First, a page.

I will admit that I have almost ignored sequestration, but recently I’ve had a few of my friends ask about my stance, so here it is.

I don’t believe it should amount to much.  I believe that political posturing and the associated drama and exaggeration will have the largest negative economic effects. The small reductions in bloated federal spending should NOT represent a substantial cut to the goods and services this country provides.  Why am I so dismissive?  Numbers.


The sequestration dollars specified in the Budget Control Act of 2011 represents a cut of $109B in the 2013 overall budget of $3,807 billion or about 2.86% (see White House Table S-1.) This is almost $80 billion more than the $3,729 billion 2012 Budget. The sequestration plan, proposed by the White House, specified that a large portion of the cuts would be from defense in hopes that failing to prevent military budget reductions would be politically unacceptable to House Republicans and therefore encourage them to compromise on the President’s desire to continue to expand Non-Defense Discretionary (NDD) spending.  The President’s plan failed and now he’s trying to make the stakes higher.

I don’t want to invalidate the concerns people have regarding the impacts.  Both military groups and promoters of specific social and educational programs have weighed in on how they believe they will be negatively affected including: the PTA, AAP, Public Health, and other groups. Some of the cuts will hurt, but I suspect that a lot of pain will be self inflicted for political gain.

To steal from a favorite educator, intellectual, and author of mine, Thomas Sowell:

Back in my teaching days, many years ago, one of the things I liked to ask the class to consider was this: Imagine a government agency with only two tasks: (1) building statues of Benedict Arnold and (2) providing life-saving medications to children. If this agency’s budget were cut, what would it do?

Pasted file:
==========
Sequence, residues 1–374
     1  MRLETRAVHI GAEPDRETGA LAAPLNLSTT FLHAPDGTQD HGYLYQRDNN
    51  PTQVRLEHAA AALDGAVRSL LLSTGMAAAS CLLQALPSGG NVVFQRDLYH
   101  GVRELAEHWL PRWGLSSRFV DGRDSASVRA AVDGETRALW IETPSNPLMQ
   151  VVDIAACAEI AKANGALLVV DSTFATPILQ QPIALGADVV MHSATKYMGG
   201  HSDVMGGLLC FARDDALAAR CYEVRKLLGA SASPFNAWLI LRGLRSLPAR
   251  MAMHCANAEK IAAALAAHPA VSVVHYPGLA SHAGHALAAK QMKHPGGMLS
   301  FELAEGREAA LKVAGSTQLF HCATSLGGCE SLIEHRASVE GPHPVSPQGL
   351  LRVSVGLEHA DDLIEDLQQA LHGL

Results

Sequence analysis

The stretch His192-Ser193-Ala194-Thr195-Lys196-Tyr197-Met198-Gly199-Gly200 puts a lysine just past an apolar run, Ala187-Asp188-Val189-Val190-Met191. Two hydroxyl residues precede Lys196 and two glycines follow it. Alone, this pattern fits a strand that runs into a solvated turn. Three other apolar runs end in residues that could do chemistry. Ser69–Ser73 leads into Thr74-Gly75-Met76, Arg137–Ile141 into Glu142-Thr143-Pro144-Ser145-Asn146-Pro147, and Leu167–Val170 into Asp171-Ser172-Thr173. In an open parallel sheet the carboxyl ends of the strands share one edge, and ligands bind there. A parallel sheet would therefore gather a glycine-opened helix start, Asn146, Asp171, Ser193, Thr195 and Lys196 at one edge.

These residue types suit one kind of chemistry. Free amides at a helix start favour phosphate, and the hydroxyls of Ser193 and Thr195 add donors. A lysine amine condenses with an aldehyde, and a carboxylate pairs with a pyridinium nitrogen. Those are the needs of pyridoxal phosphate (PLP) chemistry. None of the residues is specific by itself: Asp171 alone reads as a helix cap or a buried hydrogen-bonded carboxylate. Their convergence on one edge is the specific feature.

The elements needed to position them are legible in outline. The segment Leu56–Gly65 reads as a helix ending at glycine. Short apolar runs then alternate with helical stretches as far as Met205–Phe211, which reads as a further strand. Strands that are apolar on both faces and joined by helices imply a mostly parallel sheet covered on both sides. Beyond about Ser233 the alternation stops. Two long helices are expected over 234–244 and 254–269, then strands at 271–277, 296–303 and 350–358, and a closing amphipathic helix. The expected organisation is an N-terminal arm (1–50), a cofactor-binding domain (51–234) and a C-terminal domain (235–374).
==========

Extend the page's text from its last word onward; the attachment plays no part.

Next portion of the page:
The answer, of course, is that it would cut back on the medications for children. Why? Because that would be what was most likely to get the budget cuts restored. If they cut back on building statues of Benedict Arnold, people might ask why they were building statues of Benedict Arnold in the first place.

Defense Spending Cuts Triggered by Sequestration

Defense Spending Cuts Triggered by Sequestration


When Regulation Becomes Counterproductive

Shot of San Onofre on the way to work.

San Onofre spewing radioactive steam on the way to work.

Safety crews at San Onofre decided against taking additional steps to ensure that the nuclear plant was safe in order to avoid triggering long and costly bureaucratic reviews:

When avoiding bureaucracy forces people to avoid doing common-sense things they would normally do in a non-regulated environment, has regulation gone too far?  When regulations are effectively counterproductive are they worth it?  When events like this happen, should we re-assess if the regulations are accomplishing their intended goals or making things worse?

Several additional examples in other industries to follow shortly…

True Tolerance Actually Requires Tolerance

I’ve been struck by the intolerance of the tolerance crowd.  As funny as it sounds, I believe that tolerance actually requires tolerance of views contrary to your own.  Some recent discussions and articles that I’ve read seem to suggest that an alternative definition is evolving for the word.  The new definition of tolerance implies that you must accept or adopt the currently popular viewpoint.  I think that type of extreme political correctness not only shuts down debate and hinders freedom, but limits free thinking.

I saw this quote and liked it, so I found the original article (link provided, paraphrased and emphasis added):